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Memorandum- BUSINESS LAW
Mary Jane and Allen Greene, a married couple, own a high-end costume jewelry manufacturing and distribution company called Greene’s Jewelry Wholesale, LLC. The principal place of business for Greene’s Jewelry is in Derry, New Hampshire, where it owns a warehouse and two storefronts. Originally started in 1957, the company has expanded over five decades, and it now employs 502 individuals in a variety of departments, including sales and marketing, research and development, human resources, and manufacturing.
The primary asset of Greene’s Jewelry is its process for creating a synthetic gold-colored material called “Ever-Gold,” which is used in Greene’s necklaces, rings, earrings, and bracelets. Ever-Gold is impervious to scratches, discoloration, and oxidization and is marketed as “everlasting gold.” Greene’s maintains this process as a trade secret.
Jennifer Lawson, who has been employed for three years as a junior executive secretary in the research and development department at Greene’s Jewelry, has just learned that she is pregnant. She has earned high marks on each of her annual reviews with the company, with the exception that she routinely shows up 15 to 30 minutes late for work. Otherwise, she is deemed to be professional, articulate, diligent, and skilled in her role with the company. When Lawson advises the head of human resources, Lisa Peele, that she may have to take additional time off as a result of some high-risk factors that she will face during the course of her pregnancy, she is told that her position has been eliminated. The specific words are: “Congratulations, Jennifer! That is exciting news for you. We do not need to worry about time off, though, because, regrettably, I was just going to let you know that we are downsizing and no longer have a need for any of our junior executive secretaries.”
Jennifer is distraught and immediately returns to her desk to clear it out as instructed. She removes all of her personal items as well as the projects she was working on prior to her discussion with Lisa Peele. When she returns to her home, she realizes that she has inadvertently taken a draft letter to Greene’s intellectual property attorney that details the secret process for creating Ever-Gold.
Although Greene’s Jewelry requires all of its executives to sign covenants not to compete and confidentiality agreements, Jennifer was only required to sign a confidentiality agreement, by which she agreed never to disclose any information that she might acquire from Greene’s regarding the process used to create Ever-Gold.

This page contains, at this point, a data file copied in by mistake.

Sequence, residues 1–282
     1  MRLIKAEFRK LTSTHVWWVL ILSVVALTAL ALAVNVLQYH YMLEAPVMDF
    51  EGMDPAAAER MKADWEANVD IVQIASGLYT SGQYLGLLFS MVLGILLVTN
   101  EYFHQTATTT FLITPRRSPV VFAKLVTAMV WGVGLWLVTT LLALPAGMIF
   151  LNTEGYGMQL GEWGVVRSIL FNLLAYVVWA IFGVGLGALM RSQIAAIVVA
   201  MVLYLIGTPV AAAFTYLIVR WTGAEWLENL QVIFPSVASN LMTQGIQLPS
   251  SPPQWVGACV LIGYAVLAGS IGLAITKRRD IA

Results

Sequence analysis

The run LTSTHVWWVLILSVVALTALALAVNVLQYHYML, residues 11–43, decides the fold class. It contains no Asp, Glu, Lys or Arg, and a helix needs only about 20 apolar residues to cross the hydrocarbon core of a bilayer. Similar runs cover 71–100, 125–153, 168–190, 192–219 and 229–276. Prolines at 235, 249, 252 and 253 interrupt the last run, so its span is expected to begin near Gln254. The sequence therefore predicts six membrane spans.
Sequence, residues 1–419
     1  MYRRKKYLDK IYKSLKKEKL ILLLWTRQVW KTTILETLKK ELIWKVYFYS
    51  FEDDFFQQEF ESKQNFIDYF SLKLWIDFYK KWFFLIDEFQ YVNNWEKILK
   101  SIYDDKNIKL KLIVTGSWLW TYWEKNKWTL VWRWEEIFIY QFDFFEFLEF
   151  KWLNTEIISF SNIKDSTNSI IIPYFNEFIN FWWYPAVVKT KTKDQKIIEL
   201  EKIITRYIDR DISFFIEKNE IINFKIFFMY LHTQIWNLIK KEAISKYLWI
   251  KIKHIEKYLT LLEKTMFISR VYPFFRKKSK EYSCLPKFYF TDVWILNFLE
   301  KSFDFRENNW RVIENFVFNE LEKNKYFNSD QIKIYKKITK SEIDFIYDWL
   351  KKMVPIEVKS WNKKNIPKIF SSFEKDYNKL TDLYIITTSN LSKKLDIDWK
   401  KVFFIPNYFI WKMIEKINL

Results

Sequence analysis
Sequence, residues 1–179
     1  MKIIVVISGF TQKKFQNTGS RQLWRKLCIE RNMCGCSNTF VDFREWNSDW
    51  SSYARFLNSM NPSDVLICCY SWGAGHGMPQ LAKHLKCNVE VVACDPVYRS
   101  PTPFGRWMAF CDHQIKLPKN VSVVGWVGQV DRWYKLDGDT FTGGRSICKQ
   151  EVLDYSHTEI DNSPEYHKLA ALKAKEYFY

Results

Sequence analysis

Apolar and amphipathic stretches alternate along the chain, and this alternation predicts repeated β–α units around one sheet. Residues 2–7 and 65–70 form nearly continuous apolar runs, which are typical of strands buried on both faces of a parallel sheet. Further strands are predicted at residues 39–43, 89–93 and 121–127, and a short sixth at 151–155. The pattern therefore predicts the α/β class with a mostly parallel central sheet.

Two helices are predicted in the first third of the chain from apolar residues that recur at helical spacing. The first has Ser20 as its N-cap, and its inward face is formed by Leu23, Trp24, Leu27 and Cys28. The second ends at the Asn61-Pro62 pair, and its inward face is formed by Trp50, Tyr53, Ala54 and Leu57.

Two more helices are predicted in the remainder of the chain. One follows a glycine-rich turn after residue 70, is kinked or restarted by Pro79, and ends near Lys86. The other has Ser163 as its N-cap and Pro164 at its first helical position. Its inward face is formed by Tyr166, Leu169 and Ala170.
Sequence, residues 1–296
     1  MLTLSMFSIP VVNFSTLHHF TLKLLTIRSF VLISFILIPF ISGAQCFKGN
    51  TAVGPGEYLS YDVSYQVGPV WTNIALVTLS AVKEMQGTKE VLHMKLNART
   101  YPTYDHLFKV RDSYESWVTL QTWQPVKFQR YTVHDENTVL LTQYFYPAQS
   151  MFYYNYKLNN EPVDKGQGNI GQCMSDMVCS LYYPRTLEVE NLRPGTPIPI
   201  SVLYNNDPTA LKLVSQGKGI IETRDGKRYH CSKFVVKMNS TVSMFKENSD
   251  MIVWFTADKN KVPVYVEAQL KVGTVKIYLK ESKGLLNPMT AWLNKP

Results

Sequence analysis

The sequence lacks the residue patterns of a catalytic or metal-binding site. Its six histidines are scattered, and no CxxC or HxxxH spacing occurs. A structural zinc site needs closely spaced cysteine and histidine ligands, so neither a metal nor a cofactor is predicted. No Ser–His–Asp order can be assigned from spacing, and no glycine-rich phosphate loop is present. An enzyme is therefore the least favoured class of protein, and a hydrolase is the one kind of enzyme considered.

Panicked, and knowing that she needs a job, she calls one of Greene’s competitors, Howell Jewelry World, and advises its hiring manager that she is a former employee of Greene’s, that she needs a job, and that she has confidential information about Ever-Gold that would help Howell compete with Greene’s.
Greene’s sues Jennifer for breach of the confidentiality agreement when it learns that she has given confidential information to Howell. Jennifer counter-sues Greene’s for wrongful termination.
Specifically, the following critical elements must be addressed:
Memo Introduction: Articulate what you feel are the strengths of your company’s legal claim or defense.
1. Analyze the facts related to employment discrimination or unlawful termination based on your company’s perspective. 2. Analyze the facts related to contract issues based on your company’s perspective.
2. Identify the operative employment and contract laws that apply to your company’s case. B. Preceden
3. Select cases that support your company’s position in terms of employment discrimination or unlawful termination. Justify why they support its case.
4. Select cases that support your company’s position in terms of contract disputes. Justify why they support its case.
Determine any facts that will help you better analyze your company’s position. In other words, what questions do you need answered before you can proceed?
Explain how the identified facts will help establish the legal rights and/or obligations of the defendant in relation to your company. In other words, how would those facts reflect on the propriety and legality of the decisions that were made?